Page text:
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Options for Treating Irritable Bowel Syndrome Irritable bowel syndrome, or IBS, refers to a long-term disorder that causes recurring discomfort or pain in the tummy and irregular bowel habits. It can occur at any point in time, but most individuals get their first symptoms at 15 to 40 years of age. IBS affects more women than men and women get more severe symptoms. IBS treatment Although irritable bowel syndrome has got no cure, your doctor can relieve your symptoms with a mix of probiotics, medicines, diet, and psychological therapies. You might have to try several treatments in order to find one that’s best suited to you. You doctor might help you pick the best treatment program.
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Changes in diet, nutrition and eating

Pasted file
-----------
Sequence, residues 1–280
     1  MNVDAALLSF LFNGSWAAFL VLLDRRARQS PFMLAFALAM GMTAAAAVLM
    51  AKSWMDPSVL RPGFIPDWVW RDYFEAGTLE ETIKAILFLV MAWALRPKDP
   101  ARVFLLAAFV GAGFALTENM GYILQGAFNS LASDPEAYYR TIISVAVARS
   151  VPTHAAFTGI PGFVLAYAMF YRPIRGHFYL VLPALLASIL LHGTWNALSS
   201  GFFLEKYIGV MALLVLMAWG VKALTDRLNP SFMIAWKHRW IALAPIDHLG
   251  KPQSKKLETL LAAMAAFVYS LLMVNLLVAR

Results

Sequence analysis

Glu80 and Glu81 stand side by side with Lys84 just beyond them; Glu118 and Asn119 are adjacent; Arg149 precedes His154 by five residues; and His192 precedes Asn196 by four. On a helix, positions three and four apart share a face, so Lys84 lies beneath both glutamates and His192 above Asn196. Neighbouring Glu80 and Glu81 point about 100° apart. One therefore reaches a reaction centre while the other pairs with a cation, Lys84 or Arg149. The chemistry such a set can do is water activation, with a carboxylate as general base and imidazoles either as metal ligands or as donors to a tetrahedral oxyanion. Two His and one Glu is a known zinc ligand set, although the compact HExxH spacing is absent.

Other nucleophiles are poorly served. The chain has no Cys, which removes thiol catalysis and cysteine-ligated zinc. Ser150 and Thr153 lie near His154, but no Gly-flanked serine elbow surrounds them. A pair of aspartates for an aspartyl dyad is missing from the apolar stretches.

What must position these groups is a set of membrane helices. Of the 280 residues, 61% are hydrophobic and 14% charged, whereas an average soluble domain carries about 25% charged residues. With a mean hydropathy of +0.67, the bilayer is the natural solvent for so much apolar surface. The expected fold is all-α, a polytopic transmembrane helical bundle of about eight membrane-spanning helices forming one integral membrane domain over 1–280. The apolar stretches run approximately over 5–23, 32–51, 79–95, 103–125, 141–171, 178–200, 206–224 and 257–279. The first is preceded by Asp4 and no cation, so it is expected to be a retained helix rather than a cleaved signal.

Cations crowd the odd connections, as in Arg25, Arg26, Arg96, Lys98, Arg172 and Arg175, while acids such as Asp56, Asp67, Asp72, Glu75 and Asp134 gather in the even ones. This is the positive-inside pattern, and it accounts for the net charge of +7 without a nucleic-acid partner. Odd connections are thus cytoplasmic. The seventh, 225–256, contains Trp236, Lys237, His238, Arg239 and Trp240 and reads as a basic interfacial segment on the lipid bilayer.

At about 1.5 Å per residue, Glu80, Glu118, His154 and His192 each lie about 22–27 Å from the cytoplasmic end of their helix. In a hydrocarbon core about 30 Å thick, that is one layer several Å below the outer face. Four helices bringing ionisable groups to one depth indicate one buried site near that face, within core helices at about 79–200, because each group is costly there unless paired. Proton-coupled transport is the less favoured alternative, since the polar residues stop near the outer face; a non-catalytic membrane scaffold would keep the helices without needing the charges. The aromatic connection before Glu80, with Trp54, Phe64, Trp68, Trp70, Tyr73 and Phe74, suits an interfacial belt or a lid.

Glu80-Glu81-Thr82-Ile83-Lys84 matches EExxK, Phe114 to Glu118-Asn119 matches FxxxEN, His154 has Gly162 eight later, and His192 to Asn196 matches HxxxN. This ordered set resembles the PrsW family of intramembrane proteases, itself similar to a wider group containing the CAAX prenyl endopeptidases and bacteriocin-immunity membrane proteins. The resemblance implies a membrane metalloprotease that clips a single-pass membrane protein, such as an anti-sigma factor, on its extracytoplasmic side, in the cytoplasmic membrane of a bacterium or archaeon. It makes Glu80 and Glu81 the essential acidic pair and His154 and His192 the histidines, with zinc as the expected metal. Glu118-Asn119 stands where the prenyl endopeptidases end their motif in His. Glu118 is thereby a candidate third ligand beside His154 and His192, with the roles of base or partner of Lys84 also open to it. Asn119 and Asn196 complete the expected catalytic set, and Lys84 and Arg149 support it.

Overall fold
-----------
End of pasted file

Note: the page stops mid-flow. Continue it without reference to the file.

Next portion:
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Diet, nutrition and eating changes, for instance following the FODMAP diet, might help ease your symptoms. Medicines Your physician may recommend drugs to improve your symptoms Fiber supplements can alleviate constipation when consuming more fiber doesn’t work. Laxatives may treat constipation. As laxatives do work in a variety of ways, you doctor may find you the right laxative. Loperamide can ease diarrhea by slowing down the stool movement through the colon. Although loperamide may alleviate diarrhea in those with IBS, it doesn’t alleviate pain, bloating, as well as other symptoms. Antispasmodics, including pinaverium, hyocine, and cimetropium help to relieve pain in the stomach as well as colon muscle spasms. Antidepressants, like small amounts of tricyclic antidepressants as well as selective serotonin inhibitors may improve IBS symptoms, including tummy pain. Amitza (Lubiprostone) for those suffering from IBS-C can improve symptoms like abdominal discomfort/pain and constipation. Coated peppermint oil tablets can relieve IBS symptoms. When using medicine to treat irritable bowel syndrome, follow the instructions of your doctor. Also speak to your physician about the side effects that may occur, and what you should do if you experience them. Probiotics You physician may also recommend priobitics, the microorganisms or tiny live organisms that may be visible only via a microscope. These tiny organisms, usually bacteria, are similar to those normally found in your GI tract. Studies have revealed that consuming sufficient amounts of probiotics, particularly bifidobacteria and some probiotic combinations may alleviate IBS symptoms. Mental therapies Stress, depression, and anxiety may trigger IBS symptoms, so managing these issues may help. There are a few mental therapies that could be tried in order to treat IBS. CBT (cognitive behavioral therapy), involves recognizing and dealing with negative ways of thinking by finding other ways to act and think. In hypnotherapy, the patient is led into a relaxed state by the therapist so they can relax their stomach muscles and alleviate pain and bloating. Counseling can play a vital role in treating anxiety, stress, depression as well as related symptoms. Meditation/relaxation therapy may help alleviate stress. Make sure to speak to your doctor so he/she can recommend the best IBS treatment for you.